In spite of the fact that mass transportation has been promoted as a strong and effective solution to traffic jams and congestion in Kuwait, it is a culture that is absent in Kuwaiti society. Despite studies and research demonstrating that it contributed to a 50% reduction in congestion in the United States.
The absence of a culture of mass public transportation is attributed to several reasons, including fear of losing privacy and the desire for freedom of movement in accordance with one's destination. Although opinions are unanimous that mass public transportation is an important means of reducing traffic congestion.
It has been stated that the experience of mass transportation has contributed to the solution of traffic jams in many countries, according to retired Brigadier Bader Saleh Al-Hammadi, Vice President of the Kuwait Society for Traffic Safety. He also mentioned that the high temperature and humidity in Kuwait reduce the demand for this type of transportation
According to Al Hammadi, the problem of traffic affects everyone who uses the street, and mass transit can contribute to resolving it. There is, however, a problem with using this type of transport since a large segment of the population is opposed to it. The summer period, which extends for more than five months, is interspersed with intense heat, humidity, and dust. This makes people wonder about the issue of waiting for the bus in harsh weather conditions.
He also said, “We urge the use of mass transportation, but people like privacy in transportation, and officials urge the activation of the mass transportation system, but it is people who do not want that,” pointing out that “the use of the mass transportation system is a culture, and its absence in Kuwait may be due to the fact that the bus transports passengers not to the specified destination where they wish to complete their transactions, but rather to a place close to it.”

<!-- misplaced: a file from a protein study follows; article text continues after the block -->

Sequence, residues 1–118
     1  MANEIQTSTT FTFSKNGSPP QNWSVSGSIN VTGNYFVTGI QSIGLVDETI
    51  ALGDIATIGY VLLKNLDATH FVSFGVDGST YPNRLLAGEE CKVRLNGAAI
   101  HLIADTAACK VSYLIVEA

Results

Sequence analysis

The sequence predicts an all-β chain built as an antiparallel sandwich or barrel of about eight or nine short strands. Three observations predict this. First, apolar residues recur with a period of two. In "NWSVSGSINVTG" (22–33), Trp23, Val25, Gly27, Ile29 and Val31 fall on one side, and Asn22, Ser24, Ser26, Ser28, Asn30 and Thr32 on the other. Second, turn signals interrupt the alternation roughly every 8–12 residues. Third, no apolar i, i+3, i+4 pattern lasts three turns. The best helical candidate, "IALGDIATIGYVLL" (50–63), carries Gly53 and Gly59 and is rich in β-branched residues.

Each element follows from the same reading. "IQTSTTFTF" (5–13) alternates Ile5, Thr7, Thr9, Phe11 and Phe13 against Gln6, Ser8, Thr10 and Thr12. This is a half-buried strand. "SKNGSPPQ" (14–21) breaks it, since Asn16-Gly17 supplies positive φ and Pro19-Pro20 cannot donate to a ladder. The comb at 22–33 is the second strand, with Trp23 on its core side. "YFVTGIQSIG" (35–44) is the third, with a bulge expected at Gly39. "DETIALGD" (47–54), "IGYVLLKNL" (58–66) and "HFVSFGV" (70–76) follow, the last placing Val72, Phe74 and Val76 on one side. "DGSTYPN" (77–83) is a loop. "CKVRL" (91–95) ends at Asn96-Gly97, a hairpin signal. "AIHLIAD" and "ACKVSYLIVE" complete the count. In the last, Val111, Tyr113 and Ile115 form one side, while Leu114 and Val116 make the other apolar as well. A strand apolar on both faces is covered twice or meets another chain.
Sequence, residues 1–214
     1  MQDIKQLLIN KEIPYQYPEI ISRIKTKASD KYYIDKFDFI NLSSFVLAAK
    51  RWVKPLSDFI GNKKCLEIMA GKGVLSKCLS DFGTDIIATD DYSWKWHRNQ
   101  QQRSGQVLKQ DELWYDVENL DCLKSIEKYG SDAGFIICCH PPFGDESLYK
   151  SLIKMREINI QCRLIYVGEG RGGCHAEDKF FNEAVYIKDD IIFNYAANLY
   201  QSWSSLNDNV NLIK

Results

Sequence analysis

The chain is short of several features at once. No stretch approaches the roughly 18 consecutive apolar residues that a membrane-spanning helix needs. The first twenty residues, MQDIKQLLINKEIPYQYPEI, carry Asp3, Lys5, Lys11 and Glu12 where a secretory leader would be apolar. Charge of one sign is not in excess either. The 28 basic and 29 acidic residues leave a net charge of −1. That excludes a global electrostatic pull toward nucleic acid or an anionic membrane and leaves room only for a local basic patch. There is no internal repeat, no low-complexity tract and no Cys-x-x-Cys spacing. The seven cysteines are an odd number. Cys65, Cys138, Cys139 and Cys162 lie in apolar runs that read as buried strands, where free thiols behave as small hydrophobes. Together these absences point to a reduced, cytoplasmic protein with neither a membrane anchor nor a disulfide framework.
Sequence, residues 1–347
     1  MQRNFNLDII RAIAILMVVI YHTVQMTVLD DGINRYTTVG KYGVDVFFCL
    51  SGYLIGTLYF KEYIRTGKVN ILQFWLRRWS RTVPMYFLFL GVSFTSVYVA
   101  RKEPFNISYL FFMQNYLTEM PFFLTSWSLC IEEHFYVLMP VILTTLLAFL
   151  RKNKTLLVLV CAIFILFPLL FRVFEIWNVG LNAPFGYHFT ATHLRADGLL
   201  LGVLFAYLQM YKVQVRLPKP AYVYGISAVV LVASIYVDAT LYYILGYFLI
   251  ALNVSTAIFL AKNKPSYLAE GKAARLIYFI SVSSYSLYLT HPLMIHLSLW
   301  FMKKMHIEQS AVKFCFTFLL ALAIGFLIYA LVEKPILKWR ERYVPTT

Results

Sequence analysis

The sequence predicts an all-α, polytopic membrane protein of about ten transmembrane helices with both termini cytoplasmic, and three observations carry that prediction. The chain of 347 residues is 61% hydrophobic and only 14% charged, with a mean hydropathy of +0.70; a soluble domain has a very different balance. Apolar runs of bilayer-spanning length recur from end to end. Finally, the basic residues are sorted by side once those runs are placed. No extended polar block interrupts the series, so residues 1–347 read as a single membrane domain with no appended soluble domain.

Further, he said, “In countries that use the mass transportation system, people are used to this from their early educational stages, so we find that they are faced with a simple cost method that saves them from huge sums that are paid to own a private car,” noting that “the system of electric trains that are used in mass transportation.”
Dr. Jamal Al-Mutawa, a member of the Kuwait Society for Traffic Safety Board, said that, in order to reduce traffic congestion, several solutions are offered across the country, including changing the working hours of government institutions and schools, activating e-government, imposing road taxes, reviewing fuel and insurance prices, and allocating special lanes for vehicles carrying more than one person.
For mass transit to become effective in Kuwait, it must be timely, safe, and quick to reach all the necessary destinations, convenient for passengers, and charge minimal fees, Al-Mutawa said.
According to Al-Mutawa, the absence of a culture of mass transportation is due to the ease with which a driver's license can be obtained, which encourages people to use private vehicles rather than mass transit. Obtaining inexpensive vehicles that may not meet safety and durability requirements may be easy, as is paying symbolic fees for insuring the vehicle regardless of its type and symbolic fuel prices.